Being part of a running group that often does drills without shoes and socks, she has some experience of running in bare feet. But, she isn’t planning on making a transition in the near future. “I am a pampered, urban human. The thought of stepping on broken glass is a deterrent,” she laughs.

A 2016 study by Allison Altman and Irene Davis that compared the injury rates in shod versus barefoot running, published in the British Journal of Sports Medicine, indicated that, “although the injury rate was similar between the two groups..., the type of foot injuries differed between the two groups... For instance, barefoot runners were more likely to experience plantar surface injuries and abrasive injuries to the sole of the foot, while plantar fasciitis, patellofemoral pain and ITBS were seen more among shod runners.

“It’s likely that some foot types do better with barefoot running and others do better with shod running,” adds the study.

Born to run... smartly

One size does not fit all — your stride is as unique to you as a fingerprint — and you need to take that into consideration, says Dr Rajat Chauhan, a specialist in sports and musculoskeletal medicine. “Barefoot running can feel liberating in every sense, but if you try to do too much too soon, you will have an injury you wouldn’t have otherwise,” continues Dr Chauhan. He recommends short-duration barefoot walking and running on grass as a good cross-training for runners. “These drills can prevent injuries,” he says.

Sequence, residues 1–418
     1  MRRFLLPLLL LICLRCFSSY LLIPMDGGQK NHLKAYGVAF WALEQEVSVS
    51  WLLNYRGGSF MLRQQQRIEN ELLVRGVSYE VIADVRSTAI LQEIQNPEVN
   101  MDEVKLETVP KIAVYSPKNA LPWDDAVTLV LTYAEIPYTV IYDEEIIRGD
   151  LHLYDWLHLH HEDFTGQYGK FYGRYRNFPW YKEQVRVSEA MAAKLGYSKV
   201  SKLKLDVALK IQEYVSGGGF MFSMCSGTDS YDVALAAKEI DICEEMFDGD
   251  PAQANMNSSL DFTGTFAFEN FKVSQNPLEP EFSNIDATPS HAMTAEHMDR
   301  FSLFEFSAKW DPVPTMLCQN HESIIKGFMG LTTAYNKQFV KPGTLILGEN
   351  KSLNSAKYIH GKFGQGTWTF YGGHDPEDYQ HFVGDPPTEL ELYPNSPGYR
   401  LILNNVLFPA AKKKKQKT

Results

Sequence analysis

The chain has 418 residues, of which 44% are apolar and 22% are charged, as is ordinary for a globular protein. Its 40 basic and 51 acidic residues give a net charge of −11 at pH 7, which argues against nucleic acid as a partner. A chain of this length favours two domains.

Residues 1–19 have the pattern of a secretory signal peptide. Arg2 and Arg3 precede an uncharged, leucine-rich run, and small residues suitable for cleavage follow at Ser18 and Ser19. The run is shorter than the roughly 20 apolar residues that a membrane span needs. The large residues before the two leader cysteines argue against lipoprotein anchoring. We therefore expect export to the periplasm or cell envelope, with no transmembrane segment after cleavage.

Additionally, regular running practices — strength training, stretching and yoga — all apply to barefoot too. The argument that running is a natural motion practised by humans for centuries doesn’t necessarily hold good because, “things have changed in 10,000 years.” The soles of the feet, which indeed have the second most number of nerve endings in the body, have been dumbed down by years of wearing socks and shoes. We also eat different food and perform different activities from then.

At the end of the day, good form and body-awareness are key to running, barefoot and otherwise, he says. And “maybe we need cushioning and layering till we learn how to move better. If you don’t know how to run, don’t run barefoot.”

If you are thinking of transitioning...

“If you are changing from shoe to no shoe, you need to bring down distance,” says Bengaluru-based Sports Scientist and Musculoskeletal Physiotherapist, Dr Gladson Johnson. One should start slowly, running on surfaces like lawn, trails or mud, before attempting to run on harder surfaces like asphalt. He, personally, does not advocate minimalist shoes, “in my opinion, they are also shoes and provide a layer of protection,” he says, which can negate the benefits of running without footwear.

A barefoot runner himself — he never ran wearing shoes — he believes that the practice has helped him maintain good form, trained his body to absorb impact better and strengthened his joints. But running barefoot doesn’t inevitably translate into injury-free running. “You have to work on your strength and flexibility, maybe even more than when you run with shoes, as there are nothing now to absorb the shock,” he says. The calves, for instance, our natural shock-absorbers, need to be stronger than otherwise, if running barefoot.

And yes, if you have a medical condition like diabetes, in which a small injury can lead to life-threatening consequences, avoid it completely. “Being able to run is more important than running barefoot,” he says.

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Printable version | Apr 10, 2021 11:11:00 PM |